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Chasing the NSA Leaker; Mandela Remains in Critical Condition; Wild Day on Wall Street

Aired June 24, 2013 - 16:00   ET


JAKE TAPPER, CNN ANCHOR: How do you catch a man who already knows all the tricks you are using to try to find him?

I'm Jake Tapper and this is THE LEAD.

That world lead, he keeps zigging when he's expected to be zagging. Edward Snowden, the man who's been spilling U.S. intelligence secrets, is on the move. But where is his final destination?

The money lead, stocks on a roller coaster. If you are following the markets closely today, seek a chiropractor for your whiplash. A wild day on Wall Street for your portfolio and your 401(k).

And the pop lead. Actor Jim Carrey denouncing one of his own movies and, no, it's not "The Grinch." Why you may not see the funny man on talk show couches in the next few weeks in support of his movie "Kick- Ass 2."

Everybody, it's Jake Tapper. Welcome to THE LEAD.

Now it's time for our world lead. It's a manhunt that seems to be quickly turning into a high-stakes game of where's Waldo, only, there's no telltale striped hat to help us pull Edward Snowden out of the crowd, so where is he? Right now, no one really seems to know.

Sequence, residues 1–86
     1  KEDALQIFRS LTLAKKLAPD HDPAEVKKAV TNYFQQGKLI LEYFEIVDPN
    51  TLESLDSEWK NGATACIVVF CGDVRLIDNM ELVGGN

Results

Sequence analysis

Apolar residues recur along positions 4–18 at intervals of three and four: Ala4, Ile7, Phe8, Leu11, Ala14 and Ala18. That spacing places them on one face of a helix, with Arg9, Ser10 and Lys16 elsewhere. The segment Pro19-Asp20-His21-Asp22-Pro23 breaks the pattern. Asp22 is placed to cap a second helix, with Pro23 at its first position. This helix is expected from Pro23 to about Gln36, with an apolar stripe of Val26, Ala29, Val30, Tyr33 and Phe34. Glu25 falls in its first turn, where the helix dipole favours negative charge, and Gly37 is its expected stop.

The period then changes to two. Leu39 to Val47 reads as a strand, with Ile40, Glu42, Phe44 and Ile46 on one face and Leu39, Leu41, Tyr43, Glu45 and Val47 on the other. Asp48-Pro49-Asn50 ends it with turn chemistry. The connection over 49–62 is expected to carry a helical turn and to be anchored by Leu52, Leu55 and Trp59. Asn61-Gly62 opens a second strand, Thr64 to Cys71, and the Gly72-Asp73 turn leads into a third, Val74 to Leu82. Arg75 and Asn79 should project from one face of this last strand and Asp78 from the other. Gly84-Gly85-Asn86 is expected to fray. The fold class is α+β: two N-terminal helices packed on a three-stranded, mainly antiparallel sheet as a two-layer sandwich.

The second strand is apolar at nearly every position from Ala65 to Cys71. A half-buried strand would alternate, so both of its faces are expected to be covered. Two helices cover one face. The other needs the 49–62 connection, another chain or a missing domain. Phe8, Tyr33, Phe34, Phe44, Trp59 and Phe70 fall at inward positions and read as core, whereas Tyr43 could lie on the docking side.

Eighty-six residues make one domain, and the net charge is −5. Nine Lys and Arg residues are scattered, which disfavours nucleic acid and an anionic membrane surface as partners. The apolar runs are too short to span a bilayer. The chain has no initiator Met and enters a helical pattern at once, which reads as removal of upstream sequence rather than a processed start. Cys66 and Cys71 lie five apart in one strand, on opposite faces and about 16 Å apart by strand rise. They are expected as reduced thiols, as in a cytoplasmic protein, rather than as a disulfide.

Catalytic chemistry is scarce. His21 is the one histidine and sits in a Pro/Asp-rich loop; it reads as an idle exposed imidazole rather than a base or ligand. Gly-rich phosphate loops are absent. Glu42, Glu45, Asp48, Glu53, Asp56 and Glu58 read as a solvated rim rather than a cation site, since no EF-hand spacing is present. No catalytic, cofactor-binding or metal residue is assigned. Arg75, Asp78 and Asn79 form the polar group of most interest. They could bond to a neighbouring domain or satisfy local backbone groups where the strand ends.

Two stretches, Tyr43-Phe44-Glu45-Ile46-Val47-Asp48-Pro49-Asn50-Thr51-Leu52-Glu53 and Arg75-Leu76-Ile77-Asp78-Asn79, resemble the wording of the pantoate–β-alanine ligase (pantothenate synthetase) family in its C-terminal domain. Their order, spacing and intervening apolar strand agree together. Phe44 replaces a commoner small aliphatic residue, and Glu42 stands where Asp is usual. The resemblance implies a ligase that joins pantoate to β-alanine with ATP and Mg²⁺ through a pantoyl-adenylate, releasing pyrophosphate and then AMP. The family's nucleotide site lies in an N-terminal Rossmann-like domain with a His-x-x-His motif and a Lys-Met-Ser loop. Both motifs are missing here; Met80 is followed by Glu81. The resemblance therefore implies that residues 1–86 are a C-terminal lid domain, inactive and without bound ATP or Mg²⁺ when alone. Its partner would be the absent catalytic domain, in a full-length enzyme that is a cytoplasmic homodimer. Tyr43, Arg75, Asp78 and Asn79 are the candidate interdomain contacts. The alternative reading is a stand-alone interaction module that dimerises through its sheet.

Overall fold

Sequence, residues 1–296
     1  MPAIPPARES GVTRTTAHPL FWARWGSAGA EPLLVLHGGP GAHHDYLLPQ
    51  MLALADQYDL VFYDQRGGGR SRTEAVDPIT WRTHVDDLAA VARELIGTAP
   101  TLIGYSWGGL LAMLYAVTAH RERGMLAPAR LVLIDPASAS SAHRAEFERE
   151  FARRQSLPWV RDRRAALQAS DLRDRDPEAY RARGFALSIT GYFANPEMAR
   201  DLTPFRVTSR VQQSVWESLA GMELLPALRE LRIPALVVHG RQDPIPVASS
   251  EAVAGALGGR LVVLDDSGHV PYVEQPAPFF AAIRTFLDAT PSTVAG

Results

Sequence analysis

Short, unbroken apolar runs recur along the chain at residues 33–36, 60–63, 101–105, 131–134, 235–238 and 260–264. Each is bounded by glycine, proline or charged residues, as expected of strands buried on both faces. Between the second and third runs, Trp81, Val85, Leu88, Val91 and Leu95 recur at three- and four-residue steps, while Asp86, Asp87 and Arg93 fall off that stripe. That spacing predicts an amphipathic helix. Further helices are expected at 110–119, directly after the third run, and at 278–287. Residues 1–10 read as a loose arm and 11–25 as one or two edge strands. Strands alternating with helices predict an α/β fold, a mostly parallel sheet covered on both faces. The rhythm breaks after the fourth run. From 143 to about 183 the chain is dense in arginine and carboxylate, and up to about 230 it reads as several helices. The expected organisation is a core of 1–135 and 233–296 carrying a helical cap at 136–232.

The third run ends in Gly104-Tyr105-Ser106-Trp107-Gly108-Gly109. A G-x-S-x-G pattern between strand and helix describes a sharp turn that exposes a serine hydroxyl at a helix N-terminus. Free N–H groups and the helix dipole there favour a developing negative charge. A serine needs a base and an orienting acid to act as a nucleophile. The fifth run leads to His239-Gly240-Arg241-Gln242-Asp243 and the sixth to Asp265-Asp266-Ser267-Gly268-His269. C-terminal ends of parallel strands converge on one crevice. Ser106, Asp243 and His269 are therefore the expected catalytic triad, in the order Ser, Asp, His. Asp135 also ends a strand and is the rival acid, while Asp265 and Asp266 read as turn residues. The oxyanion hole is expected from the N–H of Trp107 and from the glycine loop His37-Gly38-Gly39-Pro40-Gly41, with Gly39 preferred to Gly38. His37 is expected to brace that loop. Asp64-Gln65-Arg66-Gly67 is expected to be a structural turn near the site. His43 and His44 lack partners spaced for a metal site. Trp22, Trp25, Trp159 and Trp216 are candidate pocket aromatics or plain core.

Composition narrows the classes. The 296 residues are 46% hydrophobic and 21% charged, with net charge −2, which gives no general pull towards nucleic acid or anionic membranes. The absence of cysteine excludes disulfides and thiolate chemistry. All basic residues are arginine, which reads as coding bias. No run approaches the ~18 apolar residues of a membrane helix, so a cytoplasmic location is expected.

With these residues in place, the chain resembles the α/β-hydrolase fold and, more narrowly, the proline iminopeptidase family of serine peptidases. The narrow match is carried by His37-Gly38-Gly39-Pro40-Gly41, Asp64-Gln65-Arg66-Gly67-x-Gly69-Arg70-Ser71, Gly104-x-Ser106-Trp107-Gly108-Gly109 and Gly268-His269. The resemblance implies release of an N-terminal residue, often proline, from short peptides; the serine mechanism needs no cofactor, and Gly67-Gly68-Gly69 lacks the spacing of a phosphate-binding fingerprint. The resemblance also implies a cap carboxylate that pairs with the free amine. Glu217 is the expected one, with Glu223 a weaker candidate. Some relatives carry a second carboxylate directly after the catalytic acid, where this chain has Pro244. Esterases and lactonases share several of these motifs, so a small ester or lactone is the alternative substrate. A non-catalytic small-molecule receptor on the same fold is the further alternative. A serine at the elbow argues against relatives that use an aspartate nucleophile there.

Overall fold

We do think he left Hong Kong yesterday when he was reportedly seen on a flight to Russia. Meanwhile, speaking from his hideout in Ecuador's London Embassy, WikiLeaks founder Julian Assange stood by his support for Snowden in a conference call with reporters, saying that Snowden was with a WikiLeaks spokesperson and was both healthy and safe.


JULIAN ASSANGE, FOUNDER, WIKILEAKS: This morning, the U.S. secretary of state called Edward Snowden a traitor. Edward Snowden is not a traitor. He is not a spy. He is a whistle-blower who has told the public an important truth.


TAPPER: But Assange would not give up the location of the WikiLeaks activist and Edward Snowden.